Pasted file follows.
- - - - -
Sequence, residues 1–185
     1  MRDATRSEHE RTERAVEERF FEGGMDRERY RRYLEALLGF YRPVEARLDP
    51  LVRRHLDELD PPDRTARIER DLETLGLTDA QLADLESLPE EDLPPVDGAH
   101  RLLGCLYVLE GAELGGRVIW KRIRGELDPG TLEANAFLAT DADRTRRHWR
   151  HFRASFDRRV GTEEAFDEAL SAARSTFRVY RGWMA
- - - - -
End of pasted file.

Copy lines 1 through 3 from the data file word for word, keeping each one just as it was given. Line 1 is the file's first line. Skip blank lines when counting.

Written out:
Sequence, residues 1–185
     1  MRDATRSEHE RTERAVEERF FEGGMDRERY RRYLEALLGF YRPVEARLDP
    51  LVRRHLDELD PPDRTARIER DLETLGLTDA QLADLESLPE EDLPPVDGAH